How much research was involved in the writing of the novel, especially for its medical/surgical elements?

My main research was to read the memoirs of neurosurgeons and other medical professionals. Some were finely written, others less so. But all were highly informative as to the technical aspects of the work, and – consciously or not – as to the mindset and psychology of the surgeon. For the technicalities of brain surgery, I intended to observe live operations, but for one reason or another was unable to follow through on that. So I had to rely heavily on the YouTube videos that neurosurgeons post of their operations for training purposes. These videos provided the visual information I needed to imagine my way through an operation.

What do you hope people take away from reading Inside the Bone Box?

I hope people enjoy the story and the telling, obviously. That they engage with the characters, even if they don’t always like them. That they appreciate the rather dark humour in the book. But I also hope they take something else away, something that lingers in their mind, nags away at them. Maybe something about the oddness of all this – one’s whole experience of the world, one’s loves, aspirations, disappointments, one’s memories, one’s sense of oneself – and how it all goes back to the mysterious three-pound lump of jelly with its fizzing electro-chemical activity, chugging ineffably away inside its dark bone box.

What does writing mean to you?

It’s a way of expressing things that you can’t otherwise express, and that you think may be worth sharing with others. It’s also a way of dredging through the morass of your life experiences to find interesting patterns and themes you didn’t realise were there.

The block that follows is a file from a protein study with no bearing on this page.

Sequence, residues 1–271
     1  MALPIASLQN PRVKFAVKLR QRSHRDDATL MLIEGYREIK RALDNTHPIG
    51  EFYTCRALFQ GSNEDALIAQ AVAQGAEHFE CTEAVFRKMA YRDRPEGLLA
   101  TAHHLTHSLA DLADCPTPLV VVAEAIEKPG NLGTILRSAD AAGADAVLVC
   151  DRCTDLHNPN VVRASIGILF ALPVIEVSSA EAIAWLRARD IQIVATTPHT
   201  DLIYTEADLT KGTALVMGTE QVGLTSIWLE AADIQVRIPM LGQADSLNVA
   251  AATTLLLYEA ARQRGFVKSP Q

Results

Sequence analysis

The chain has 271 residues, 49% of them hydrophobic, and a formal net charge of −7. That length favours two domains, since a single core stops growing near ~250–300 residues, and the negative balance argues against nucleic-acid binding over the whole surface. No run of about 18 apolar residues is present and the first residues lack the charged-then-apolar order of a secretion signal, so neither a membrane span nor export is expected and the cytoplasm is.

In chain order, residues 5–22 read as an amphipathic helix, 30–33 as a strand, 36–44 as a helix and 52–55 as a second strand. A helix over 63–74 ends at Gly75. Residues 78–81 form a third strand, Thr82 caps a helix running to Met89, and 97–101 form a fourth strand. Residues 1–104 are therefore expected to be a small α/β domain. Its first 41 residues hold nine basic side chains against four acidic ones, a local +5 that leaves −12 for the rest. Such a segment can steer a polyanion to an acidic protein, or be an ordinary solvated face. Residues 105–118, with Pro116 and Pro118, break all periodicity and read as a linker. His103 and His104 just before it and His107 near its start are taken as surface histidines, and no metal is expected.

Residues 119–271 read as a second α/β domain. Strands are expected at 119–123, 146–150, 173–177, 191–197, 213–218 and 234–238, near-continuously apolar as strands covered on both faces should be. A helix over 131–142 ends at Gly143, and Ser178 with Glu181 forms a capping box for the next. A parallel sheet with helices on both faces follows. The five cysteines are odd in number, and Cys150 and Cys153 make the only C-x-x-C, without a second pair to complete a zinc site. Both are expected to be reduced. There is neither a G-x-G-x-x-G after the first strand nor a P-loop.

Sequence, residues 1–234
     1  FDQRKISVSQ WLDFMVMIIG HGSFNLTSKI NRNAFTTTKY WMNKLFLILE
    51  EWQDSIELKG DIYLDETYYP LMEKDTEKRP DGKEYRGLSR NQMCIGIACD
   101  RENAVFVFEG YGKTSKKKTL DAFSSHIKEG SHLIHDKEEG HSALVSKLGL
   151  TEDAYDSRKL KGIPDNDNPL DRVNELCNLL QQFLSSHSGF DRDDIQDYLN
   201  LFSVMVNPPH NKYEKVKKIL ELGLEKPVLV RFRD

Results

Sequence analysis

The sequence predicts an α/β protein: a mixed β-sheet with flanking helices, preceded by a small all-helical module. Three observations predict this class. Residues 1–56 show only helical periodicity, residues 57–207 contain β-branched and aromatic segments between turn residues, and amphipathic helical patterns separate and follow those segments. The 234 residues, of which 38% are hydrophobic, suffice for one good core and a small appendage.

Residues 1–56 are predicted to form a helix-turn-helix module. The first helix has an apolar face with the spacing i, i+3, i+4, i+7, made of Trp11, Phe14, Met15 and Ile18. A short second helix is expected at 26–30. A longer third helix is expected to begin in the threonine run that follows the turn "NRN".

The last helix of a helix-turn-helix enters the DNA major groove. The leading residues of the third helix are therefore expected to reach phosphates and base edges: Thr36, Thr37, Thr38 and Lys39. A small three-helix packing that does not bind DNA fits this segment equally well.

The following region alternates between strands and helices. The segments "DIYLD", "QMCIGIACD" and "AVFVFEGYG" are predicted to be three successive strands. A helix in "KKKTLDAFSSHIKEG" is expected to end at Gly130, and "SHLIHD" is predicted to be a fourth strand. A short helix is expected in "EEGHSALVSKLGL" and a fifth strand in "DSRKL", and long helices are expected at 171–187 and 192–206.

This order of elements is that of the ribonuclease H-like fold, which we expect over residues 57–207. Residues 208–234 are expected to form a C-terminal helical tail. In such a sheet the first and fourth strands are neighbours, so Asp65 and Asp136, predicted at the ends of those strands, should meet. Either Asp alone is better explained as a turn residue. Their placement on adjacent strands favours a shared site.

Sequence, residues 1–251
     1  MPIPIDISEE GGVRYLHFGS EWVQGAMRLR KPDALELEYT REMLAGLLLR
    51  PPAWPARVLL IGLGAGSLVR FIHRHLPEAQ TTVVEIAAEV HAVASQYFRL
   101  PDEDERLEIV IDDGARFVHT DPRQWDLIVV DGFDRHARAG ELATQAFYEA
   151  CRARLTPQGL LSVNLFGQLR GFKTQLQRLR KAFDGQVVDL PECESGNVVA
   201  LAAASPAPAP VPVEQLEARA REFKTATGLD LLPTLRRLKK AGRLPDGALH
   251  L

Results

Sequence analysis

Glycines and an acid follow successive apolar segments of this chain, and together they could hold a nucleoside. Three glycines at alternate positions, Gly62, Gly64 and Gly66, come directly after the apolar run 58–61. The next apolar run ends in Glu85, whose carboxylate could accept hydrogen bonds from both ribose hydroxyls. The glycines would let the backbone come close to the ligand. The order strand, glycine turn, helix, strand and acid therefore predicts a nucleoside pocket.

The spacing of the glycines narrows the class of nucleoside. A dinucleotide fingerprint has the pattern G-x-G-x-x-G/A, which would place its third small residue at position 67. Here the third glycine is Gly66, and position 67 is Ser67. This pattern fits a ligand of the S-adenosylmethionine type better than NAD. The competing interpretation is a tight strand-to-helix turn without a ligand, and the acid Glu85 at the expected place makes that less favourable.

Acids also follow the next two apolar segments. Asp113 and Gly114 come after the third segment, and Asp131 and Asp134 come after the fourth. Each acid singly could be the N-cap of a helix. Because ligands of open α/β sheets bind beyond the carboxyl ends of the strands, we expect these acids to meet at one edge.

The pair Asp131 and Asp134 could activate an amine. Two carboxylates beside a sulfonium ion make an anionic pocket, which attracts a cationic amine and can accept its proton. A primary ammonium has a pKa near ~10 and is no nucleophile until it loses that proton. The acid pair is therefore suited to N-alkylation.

What’s the most surprising thing you’ve learned through your writing?

The need to be sympathetic to one’s characters, to try to understand them, even the less agreeable ones.

Do you have a writing schedule?

Since I retired from my ‘day job’ four years ago, I’ve tried to maintain a schedule of writing at least for a few hours each morning. Within ‘writing’, I include all the stuff that goes with putting words on paper – including research, editing, sending work off, and so on. I’m not one of those writers who feels you have to write X-hundred words a day. Having said that, I get edgy if too much time goes by and I’ve not written anything new.

Do you have a pet peeve when it comes to writing? 

I’m irritated by my inability to spot and eliminate passages of bad writing in my own drafts, even through many re-readings.

Do you have a writer’s habit that helps you ‘get in the zone’?

I sometimes like playing Indian raga music (like Anderton). When I’m writing, its hypnotic rhythms can help the fingers skim over the keyboard.

What’s a piece of advice you can give to aspiring authors?

Stick with it. I was writing for twenty years before I got anything published. Sheer bloody-minded persistence is possibly the ultimate writerly virtue.


Inside the Bone Box is out now. Place your order by following this link.